Part IA, 2005, Paper 1

# Part IA, 2005, Paper 1

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1.I.1C

commentConvert the following expressions from suffix notation (assuming the summation convention in three dimensions) into standard notation using vectors and/or matrices, where possible, identifying the one expression that is incorrectly formed:

(i) $\delta_{i j}$,

(ii) $\delta_{i i} \delta_{i j}$,

(iii) $\delta_{l l} a_{i} b_{j} C_{i j} d_{k}-C_{i k} d_{i}$,

(iv) $\epsilon_{i j k} a_{k} b_{j}$,

(v) $\epsilon_{i j k} a_{j} a_{k}$.

Write the vector triple product $\mathbf{a} \times(\mathbf{b} \times \mathbf{c})$ in suffix notation and derive an equivalent expression that utilises scalar products. Express the result both in suffix notation and in standard vector notation. Hence or otherwise determine $\mathbf{a} \times(\mathbf{b} \times \mathbf{c})$ when $\mathbf{a}$ and $\mathbf{b}$ are orthogonal and $\mathbf{c}=\mathbf{a}+\mathbf{b}+\mathbf{a} \times \mathbf{b}$.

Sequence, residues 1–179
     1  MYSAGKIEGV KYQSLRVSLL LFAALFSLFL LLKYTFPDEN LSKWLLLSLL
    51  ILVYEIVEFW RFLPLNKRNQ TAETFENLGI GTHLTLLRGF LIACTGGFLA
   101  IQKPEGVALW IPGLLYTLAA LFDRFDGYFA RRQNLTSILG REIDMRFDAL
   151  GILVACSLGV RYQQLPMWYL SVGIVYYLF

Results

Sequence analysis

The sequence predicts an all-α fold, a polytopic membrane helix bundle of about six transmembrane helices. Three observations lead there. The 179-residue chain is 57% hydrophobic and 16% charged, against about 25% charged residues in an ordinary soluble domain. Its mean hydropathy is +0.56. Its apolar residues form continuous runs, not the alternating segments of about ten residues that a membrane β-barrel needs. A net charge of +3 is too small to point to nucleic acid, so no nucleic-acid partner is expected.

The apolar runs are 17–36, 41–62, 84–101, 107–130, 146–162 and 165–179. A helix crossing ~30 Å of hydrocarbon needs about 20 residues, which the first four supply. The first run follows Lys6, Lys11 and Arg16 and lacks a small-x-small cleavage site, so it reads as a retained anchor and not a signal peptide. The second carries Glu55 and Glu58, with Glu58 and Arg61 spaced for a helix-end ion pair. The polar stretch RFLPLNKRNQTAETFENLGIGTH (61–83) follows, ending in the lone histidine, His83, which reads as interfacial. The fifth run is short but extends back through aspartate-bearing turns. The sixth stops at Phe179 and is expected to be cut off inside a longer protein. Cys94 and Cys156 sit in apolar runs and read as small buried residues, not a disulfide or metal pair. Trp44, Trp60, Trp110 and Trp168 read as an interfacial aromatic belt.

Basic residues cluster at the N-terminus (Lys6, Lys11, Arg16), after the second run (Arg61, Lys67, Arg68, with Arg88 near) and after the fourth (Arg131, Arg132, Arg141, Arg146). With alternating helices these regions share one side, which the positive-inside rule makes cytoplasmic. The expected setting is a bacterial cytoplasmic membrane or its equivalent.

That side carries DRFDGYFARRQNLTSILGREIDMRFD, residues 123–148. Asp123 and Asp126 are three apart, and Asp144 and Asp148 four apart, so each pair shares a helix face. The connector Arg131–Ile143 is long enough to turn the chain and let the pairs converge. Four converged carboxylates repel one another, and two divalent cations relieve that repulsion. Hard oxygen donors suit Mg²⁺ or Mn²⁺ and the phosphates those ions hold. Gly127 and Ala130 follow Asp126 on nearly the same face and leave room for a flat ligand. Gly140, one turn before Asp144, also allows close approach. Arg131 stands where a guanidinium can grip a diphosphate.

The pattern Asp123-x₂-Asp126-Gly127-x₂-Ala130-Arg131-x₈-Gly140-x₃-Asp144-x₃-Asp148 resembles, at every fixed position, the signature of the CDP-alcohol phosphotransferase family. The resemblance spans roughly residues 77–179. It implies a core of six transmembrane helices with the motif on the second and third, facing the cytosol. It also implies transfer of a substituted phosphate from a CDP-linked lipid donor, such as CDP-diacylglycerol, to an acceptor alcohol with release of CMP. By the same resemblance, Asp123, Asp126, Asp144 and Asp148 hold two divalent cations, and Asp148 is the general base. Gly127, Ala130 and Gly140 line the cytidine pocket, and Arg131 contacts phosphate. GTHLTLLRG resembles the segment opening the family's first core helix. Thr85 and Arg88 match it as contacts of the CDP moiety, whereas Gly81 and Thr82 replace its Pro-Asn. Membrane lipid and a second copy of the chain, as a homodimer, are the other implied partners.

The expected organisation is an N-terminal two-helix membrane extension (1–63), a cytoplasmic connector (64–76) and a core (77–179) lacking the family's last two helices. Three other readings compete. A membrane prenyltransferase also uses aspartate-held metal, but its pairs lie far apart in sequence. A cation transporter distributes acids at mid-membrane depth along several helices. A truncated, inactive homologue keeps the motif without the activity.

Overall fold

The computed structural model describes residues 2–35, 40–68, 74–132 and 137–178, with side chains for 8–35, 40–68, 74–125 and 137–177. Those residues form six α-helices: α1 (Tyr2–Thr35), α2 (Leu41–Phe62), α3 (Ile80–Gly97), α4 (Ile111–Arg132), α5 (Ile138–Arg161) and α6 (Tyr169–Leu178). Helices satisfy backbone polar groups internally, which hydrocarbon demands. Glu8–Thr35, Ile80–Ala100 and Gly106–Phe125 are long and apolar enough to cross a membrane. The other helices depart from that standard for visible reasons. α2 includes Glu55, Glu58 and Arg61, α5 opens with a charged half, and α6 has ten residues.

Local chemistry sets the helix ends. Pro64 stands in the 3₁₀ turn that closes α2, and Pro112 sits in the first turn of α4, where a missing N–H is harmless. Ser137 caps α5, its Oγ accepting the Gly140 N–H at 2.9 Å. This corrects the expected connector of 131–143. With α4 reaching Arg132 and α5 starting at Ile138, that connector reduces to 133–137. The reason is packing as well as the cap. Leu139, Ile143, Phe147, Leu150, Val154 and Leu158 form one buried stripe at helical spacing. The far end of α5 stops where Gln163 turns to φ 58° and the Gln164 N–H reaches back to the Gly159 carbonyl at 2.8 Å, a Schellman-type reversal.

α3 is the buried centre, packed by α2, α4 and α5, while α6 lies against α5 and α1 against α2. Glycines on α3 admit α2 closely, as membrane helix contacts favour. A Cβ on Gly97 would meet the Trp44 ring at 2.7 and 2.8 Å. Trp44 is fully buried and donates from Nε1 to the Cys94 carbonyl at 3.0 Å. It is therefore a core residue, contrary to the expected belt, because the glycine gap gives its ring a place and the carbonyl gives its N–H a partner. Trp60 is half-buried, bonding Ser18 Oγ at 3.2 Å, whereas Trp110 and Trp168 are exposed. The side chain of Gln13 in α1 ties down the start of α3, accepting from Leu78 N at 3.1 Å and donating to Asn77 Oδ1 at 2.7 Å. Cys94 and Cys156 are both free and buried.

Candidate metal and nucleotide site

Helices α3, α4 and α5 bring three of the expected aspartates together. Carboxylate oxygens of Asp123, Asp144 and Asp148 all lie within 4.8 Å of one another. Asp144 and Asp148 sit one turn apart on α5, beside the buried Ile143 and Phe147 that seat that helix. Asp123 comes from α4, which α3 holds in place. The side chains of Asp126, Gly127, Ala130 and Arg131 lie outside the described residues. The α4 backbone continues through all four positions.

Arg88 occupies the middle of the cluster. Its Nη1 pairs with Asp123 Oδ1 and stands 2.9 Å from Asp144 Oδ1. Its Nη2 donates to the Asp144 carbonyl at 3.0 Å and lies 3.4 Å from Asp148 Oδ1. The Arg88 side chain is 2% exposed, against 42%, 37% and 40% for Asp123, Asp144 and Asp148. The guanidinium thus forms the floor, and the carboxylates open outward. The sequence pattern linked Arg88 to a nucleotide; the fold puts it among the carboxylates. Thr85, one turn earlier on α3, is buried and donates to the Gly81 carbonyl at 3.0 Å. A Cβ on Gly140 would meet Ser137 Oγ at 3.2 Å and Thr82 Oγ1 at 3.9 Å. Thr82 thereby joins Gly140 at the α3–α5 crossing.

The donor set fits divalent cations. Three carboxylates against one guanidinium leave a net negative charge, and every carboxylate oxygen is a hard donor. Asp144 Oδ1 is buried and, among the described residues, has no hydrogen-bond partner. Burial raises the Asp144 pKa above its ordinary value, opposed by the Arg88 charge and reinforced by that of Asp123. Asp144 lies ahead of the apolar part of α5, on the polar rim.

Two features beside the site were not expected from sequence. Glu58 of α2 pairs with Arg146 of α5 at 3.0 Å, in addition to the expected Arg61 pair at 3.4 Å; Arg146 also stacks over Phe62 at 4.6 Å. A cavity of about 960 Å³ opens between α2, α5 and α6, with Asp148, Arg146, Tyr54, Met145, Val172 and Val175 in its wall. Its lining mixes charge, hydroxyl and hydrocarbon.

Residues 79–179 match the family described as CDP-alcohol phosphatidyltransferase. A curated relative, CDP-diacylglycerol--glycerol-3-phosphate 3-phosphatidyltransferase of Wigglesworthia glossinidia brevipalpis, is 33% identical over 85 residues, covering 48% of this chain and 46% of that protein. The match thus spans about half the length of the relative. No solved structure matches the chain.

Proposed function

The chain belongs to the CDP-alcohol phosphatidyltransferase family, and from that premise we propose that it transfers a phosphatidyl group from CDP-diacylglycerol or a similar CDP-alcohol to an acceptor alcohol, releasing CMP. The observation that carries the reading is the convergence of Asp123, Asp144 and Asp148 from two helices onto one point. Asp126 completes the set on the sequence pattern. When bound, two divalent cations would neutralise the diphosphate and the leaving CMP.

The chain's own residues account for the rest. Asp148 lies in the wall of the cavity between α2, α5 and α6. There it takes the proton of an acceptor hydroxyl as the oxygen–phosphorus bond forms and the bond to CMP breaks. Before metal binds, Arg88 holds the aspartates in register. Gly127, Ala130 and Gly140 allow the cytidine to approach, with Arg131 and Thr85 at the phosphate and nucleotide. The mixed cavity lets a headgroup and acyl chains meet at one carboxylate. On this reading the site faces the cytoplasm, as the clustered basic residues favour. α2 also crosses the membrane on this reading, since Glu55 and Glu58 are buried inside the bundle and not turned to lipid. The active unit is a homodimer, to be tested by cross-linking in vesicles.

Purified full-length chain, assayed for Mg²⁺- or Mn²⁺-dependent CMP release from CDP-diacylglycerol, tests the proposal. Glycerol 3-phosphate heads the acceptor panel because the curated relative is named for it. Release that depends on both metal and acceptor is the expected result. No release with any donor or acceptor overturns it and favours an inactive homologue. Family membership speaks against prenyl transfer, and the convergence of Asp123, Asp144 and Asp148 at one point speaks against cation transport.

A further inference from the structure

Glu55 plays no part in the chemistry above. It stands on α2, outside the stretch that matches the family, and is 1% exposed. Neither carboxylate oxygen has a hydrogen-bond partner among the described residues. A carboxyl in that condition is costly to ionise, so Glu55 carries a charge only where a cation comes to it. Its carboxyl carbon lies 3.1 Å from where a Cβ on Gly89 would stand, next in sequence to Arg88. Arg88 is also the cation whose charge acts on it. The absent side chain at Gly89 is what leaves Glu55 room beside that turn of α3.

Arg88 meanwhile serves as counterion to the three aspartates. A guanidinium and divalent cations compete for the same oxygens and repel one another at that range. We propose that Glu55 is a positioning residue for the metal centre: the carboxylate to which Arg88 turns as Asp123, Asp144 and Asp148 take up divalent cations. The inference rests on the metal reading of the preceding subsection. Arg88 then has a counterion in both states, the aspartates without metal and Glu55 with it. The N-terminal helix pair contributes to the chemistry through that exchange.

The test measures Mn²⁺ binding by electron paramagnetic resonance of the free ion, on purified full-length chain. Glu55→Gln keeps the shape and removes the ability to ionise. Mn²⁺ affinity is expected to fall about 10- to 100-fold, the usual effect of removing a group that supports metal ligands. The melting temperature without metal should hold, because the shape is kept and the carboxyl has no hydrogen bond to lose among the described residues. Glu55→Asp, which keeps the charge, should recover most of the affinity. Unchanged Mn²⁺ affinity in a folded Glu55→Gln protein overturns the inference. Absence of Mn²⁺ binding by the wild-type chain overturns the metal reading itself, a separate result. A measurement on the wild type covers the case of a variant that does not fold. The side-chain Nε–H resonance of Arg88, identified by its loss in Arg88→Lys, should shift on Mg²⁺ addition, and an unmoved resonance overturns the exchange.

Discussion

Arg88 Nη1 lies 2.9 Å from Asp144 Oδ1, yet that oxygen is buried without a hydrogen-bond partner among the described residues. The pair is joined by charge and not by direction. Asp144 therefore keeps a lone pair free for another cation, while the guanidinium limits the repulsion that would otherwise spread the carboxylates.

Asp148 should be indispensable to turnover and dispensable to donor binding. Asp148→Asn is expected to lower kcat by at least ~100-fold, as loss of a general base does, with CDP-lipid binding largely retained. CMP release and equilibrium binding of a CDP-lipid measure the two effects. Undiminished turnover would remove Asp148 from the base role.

1.I.2B

commentLet $\mathbf{n} \in \mathbb{R}^{3}$ be a unit vector. Consider the operation

$\mathbf{x} \mapsto \mathbf{n} \times \mathbf{x}$

Write this in matrix form, i.e., find a $3 \times 3$ matrix $\mathbf{A}$ such that $\mathbf{A} \mathbf{x}=\mathbf{n} \times \mathbf{x}$ for all $\mathbf{x}$, and compute the eigenvalues of $\mathbf{A}$. In the case when $\mathbf{n}=(0,0,1)$, compute $\mathbf{A}^{2}$ and its eigenvalues and eigenvectors.

1.II.5C

commentGive the real and imaginary parts of each of the following functions of $z=x+i y$, with $x, y$ real, (i) $e^{z}$, (ii) $\cos z$, (iii) $\log z$, (iv) $\frac{1}{z}+\frac{1}{\bar{z}}$, (v) $z^{3}+3 z^{2} \bar{z}+3 z \bar{z}^{2}+\bar{z}^{3}-\bar{z}$,

where $\bar{z}$ is the complex conjugate of $z$.